November 19, 2014

Wind farm opponents gather in Pawhuska

Mike Erwin | Bartlesville Examiner-Enterprise | November 19, 2014 |

PAWHUSKA – Just hours after the first industrial wind turbine was completed Monday in western Osage County, opponents of two area wind-energy developments vowed to continue their efforts to halt construction of the projects.

Speakers offered insights into dangers they claim wind farms will pose for the prairie lands west of Pawhuska where the projects are being constructed by TradeWind Energy, a Lenexa, Kan.-based branch of an international energy corporation.

Personal, and sometimes graphic, information about alleged dangers posed by the 400-foot wind turbines was shared during a two-hour seminar. More than 60 citizens attended the public meeting, which was held from 6-8 p.m. at the Constantine Theater. The event was sponsored by Protect Osage Coalition.

Threats posed to wildlife – in particular, the bald eagles and prairie chickens of the area – received special attention. Evidence about negative effects the wind farms have on people and the environment was presented via speakers and film.

Among the guest speakers were Bob Hamilton from Osage County’s Tallgrass Prairie Preserve and Don Wolfe of the Sutton Avian near Bartlesville. Wolfe explained the complex dangers that towers and transmission lines pose to raptors and nesting birds. Hamilton called the location of the wind farms created conflicts and negative impact possiblities that should be avoided.

“To have this (wind farm) project where it’s at is completely inappropriate,” Hamilton said.

Rick Mosier of the OK Property Rights Association told of possible crippling effects that subsidies to the wind power industry could have on the state economy and the financial well-being of school districts where the wind farms are located.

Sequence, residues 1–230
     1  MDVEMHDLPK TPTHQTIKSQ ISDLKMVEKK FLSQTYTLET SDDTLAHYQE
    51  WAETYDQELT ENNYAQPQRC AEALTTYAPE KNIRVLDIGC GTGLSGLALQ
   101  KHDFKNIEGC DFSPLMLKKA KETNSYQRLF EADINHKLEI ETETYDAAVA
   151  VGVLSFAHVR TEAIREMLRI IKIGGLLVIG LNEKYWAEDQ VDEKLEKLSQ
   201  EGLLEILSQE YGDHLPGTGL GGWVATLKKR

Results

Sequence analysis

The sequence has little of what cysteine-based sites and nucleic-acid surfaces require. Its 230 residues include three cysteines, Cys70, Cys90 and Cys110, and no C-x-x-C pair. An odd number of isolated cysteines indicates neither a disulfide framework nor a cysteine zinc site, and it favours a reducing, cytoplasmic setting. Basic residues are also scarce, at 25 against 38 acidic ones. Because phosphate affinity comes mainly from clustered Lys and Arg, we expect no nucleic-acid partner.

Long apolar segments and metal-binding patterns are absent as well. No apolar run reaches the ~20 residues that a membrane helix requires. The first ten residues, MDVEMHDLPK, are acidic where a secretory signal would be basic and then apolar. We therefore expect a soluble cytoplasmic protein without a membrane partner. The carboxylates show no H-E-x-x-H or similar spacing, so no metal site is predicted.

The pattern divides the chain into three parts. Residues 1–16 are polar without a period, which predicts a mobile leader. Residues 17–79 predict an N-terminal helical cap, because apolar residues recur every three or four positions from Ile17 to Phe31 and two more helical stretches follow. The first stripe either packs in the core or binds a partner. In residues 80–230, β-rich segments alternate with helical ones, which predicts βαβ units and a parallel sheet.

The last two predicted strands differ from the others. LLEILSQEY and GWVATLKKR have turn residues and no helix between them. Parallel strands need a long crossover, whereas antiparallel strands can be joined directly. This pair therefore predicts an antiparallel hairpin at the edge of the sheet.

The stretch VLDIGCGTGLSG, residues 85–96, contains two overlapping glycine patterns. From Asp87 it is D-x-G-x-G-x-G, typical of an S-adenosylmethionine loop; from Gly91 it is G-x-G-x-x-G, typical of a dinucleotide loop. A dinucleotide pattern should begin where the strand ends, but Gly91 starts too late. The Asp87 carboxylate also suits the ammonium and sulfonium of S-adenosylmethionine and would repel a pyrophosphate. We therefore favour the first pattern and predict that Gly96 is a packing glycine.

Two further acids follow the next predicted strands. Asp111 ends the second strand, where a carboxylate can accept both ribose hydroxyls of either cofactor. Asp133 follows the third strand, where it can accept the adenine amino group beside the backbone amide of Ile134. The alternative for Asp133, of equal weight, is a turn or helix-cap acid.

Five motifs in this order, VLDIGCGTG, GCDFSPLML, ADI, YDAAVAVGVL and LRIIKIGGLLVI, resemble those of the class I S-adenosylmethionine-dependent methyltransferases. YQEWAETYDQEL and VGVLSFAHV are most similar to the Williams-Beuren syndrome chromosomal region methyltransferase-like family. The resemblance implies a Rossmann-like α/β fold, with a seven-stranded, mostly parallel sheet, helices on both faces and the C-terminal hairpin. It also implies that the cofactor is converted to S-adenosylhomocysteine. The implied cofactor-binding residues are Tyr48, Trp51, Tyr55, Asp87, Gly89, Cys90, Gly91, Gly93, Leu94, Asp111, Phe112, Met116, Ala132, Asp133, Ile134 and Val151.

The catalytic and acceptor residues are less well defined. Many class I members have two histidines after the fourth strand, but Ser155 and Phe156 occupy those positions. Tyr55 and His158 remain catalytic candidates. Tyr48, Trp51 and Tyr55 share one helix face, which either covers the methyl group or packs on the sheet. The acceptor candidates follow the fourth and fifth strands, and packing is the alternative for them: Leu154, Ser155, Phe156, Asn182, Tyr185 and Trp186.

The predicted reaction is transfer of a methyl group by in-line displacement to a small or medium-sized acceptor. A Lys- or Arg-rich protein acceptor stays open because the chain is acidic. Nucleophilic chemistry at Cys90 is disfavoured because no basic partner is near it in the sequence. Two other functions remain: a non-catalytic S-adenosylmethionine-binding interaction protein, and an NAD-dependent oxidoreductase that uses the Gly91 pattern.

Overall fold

“Regardless of what they might say, the wind industry will not contribute anything to our schools,”said Mosier, a longtime member of a Rogers County school board.

Mosier said the wind industry is totally unregulated in Oklahoma, but called the state’s wind energy tax credits “the greatest in the nation.”

“And, I’ll guarantee there are 13 registered wind-energy lobbyists walking the halls at the Capitol today,” Mosier added.

Canadian County resident Tammy Huffstutlar spoke about how turbines placed on her neighbors’ property has caused a marked reduction in the quality of life for her and her family.

One of the citizens who spoke at the meeting said the Osage Nation should unite and make a stand against the wind-farm threat. Another said it was time to “take up the tomahawk” to stop wind development in Osage County.

Osage attorney Wilson Pipestem admitted that wind energy “is a good thing, but we believe this is the wrong site,” he said.

“We have a long way to go before this is going to over,” said Pipestem.

Rotor blades were installed Monday on the first turbine to be completed at the Osage Wind energy project site 20 miles west of Pawhuska.

Over the past week, approximately a dozen of the 400-foot steel towers have been erected for the wind farm – a proposed 150-megawatt facility that is to include 94 turbines. TradeWind Energy of Lenexa, Kan., is developing the controversial project on nearly 10,000 acres of leased prairie land located along U.S. Highway 60 near Burbank.

Preliminary work started earlier this year at the site, which was approved for a wind farm in 2011. Construction has been slowed partly because of a transfer of the project’s ownership from the original company (Wind Capital Group) to TradeWind. Additional delays have resulted from litigation brought by the Osage Nation – which has spearheaded opposition to the wind farm based mainly on environmental concerns.

Last week, a district court judge ordered an Osage County regulatory board to grant a permit allowing for construction of a second TradeWind Energy development, Mustang Run Wind Project, which is to be built on property that adjoins the Osage Wind project.

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